Archive for March, 2018


Rhone Valley Grenache vineyards

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I found these pictures on my very old IPad.  I took them back in I believe 2006.

La Crau in Châteauneuf-du-Pape






 Les Pallières (higher elevation Gigondas with limestone)



Cairanne (lower elevation)


 Côtes du Vivarais (north part of southern Rhone on the western flank)


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A Blind Tasting Just for Fun

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Some would view this tasting as a “leap of faith”. Why come to a tasting where I don’t even know what’s being poured? Just so you know, I have given the wine selections a lot of thought in an effort to shed some different light. AND, I am hoping most tasters will NOT be intimidated by the words—Blind Tasting. Just to be clear, participants will NOT be asked to identify the grape variety, the soil, the place of origin or the vintage. That is NOT the intention of this tasting. What we instead had in mind, was to choose four RED wines, those in the old days we would refer to as “bankers”—typical, well made and serve them blind. That way, we minimize any preconceived opinions. Then, the taster, can more objectively assess the quality in their eyes, estimate how much the wine is worth AND what kinds of foods they would consider having each wine with. To me, it is another really interesting, enlightening way to learn.

Tonight, we featured red wines from 4 TOP producers, just so one can sample something unique, interesting, authentic AND compelling. These tasting also gives these small, family run & owned wine projects a “voice”, amidst the growing sea of wine labels from larger, marketing driven wines.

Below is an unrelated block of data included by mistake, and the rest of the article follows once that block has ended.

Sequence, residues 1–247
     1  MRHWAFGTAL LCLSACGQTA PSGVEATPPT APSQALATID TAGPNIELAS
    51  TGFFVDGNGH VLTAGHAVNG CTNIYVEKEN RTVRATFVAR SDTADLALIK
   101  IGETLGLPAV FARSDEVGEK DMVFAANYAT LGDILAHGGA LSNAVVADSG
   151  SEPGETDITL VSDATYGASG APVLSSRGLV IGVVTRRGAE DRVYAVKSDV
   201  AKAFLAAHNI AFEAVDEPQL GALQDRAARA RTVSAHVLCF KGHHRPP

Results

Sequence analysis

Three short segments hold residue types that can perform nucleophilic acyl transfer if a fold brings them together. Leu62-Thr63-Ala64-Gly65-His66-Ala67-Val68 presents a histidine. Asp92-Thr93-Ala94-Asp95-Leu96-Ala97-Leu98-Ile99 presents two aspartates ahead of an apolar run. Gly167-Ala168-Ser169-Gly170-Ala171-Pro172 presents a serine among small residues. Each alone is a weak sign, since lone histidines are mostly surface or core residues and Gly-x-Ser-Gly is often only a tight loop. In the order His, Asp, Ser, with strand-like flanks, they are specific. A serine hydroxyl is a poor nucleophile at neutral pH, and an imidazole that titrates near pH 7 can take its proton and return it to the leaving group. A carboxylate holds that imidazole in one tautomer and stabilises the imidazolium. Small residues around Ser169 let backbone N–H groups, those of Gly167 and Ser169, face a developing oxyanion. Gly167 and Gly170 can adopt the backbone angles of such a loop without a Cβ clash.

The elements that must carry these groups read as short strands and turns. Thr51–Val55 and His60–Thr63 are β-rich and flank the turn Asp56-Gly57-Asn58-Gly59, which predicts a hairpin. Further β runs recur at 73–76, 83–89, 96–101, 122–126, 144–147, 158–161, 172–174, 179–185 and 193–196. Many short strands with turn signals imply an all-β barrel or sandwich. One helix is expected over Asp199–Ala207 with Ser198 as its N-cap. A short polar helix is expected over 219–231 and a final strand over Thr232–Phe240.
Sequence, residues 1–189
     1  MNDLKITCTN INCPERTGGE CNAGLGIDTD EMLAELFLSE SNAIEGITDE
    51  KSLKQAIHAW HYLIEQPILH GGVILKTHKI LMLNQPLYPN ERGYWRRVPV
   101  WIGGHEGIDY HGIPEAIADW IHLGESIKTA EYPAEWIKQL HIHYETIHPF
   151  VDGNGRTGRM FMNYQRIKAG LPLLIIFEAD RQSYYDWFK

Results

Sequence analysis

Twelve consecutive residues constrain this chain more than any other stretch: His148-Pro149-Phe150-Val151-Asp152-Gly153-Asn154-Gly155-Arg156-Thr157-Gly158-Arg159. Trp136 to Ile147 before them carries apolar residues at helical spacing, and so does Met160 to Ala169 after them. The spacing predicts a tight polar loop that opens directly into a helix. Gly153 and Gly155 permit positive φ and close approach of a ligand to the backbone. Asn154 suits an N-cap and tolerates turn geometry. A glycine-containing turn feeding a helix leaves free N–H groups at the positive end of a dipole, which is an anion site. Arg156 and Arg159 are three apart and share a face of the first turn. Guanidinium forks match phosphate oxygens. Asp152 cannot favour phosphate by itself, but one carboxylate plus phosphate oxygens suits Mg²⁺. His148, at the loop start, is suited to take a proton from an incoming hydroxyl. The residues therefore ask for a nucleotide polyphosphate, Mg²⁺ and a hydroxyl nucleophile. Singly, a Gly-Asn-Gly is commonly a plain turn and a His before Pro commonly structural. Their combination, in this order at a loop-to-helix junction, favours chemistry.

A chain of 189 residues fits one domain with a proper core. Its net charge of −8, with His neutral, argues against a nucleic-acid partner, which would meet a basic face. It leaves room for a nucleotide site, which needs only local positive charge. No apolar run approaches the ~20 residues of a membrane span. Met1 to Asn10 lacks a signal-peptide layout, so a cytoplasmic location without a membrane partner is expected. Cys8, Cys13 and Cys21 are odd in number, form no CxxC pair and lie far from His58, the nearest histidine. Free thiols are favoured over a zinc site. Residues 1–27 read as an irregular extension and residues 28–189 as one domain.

2014 Carol Shelton Zinfandel “Wild Thing” (California)–We took this opportunity to showcase a really good California Zinfandel AND at the same time feature one produced by a small, true artisan winemaker.  Although there are many Zin labels & wineries available today, Carol Shelton produces ones that are very personal, provocative, well textured AND well balanced.  Nothing showy or flamboyant, just plain good & ones that really deliver quality for the dollar.  This is probably why, over the years, she is touted as one of the most highly decorated wine producers out of California, & mainly for her old vine Zinfandels.  The grapes for her “Wild Thing” bottling come from an organically farmed Mendocino vineyard planted in 1956, wild yeast fermented & bottled unfiltered & unfined. This is benchmark Zin for me.

2014 Charles Joguet Chinon “Cuvee Terroir” (France) —The Loire Valley is where Joan of Arc did her crusades. Yes, a long history of culture, eating, wines & vines. It is true, this iconic wine growing region is undoubtedly more famous for their white wines, such as Vouvray, Sancerre, Pouilly Fume & Muscadet just to name a few.  But as time went on & the growing frequency of warmer, more sundrenched vintages, more & more RED (as opposed to rosé colored) wines became more readily available.  The most notable were produced from the Cabernet Franc grape variety, which manifested itself in a VERY different profile then one would find from other parts of the world.  To show tasters what this meant, we tasted a classic Cabernet Franc based red wine, produced from one of the region’s most iconic producers, There is none like this from anywhere else in the world, although others have tried.